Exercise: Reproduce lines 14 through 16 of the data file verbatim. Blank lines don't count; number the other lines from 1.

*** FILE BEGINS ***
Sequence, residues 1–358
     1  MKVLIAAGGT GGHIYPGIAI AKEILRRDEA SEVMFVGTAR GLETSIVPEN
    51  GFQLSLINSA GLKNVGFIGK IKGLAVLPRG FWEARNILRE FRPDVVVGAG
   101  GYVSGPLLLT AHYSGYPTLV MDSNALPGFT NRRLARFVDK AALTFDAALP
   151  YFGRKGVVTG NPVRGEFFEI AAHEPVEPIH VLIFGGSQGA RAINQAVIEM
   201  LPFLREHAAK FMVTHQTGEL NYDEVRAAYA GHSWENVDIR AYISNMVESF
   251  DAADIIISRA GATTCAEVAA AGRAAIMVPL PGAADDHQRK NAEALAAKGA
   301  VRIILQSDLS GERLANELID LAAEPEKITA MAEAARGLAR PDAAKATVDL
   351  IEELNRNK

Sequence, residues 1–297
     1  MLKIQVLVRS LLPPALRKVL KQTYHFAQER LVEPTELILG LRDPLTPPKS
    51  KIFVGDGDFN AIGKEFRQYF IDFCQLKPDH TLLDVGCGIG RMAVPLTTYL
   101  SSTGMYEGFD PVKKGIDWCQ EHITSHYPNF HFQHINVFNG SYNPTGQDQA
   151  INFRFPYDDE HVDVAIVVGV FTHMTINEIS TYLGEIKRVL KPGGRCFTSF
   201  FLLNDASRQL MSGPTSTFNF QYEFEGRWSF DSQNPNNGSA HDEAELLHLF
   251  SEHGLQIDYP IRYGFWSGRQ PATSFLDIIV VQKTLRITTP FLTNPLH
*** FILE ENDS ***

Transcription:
   151  INFRFPYDDE HVDVAIVVGV FTHMTINEIS TYLGEIKRVL KPGGRCFTSF
   201  FLLNDASRQL MSGPTSTFNF QYEFEGRWSF DSQNPNNGSA HDEAELLHLF
   251  SEHGLQIDYP IRYGFWSGRQ PATSFLDIIV VQKTLRITTP FLTNPLH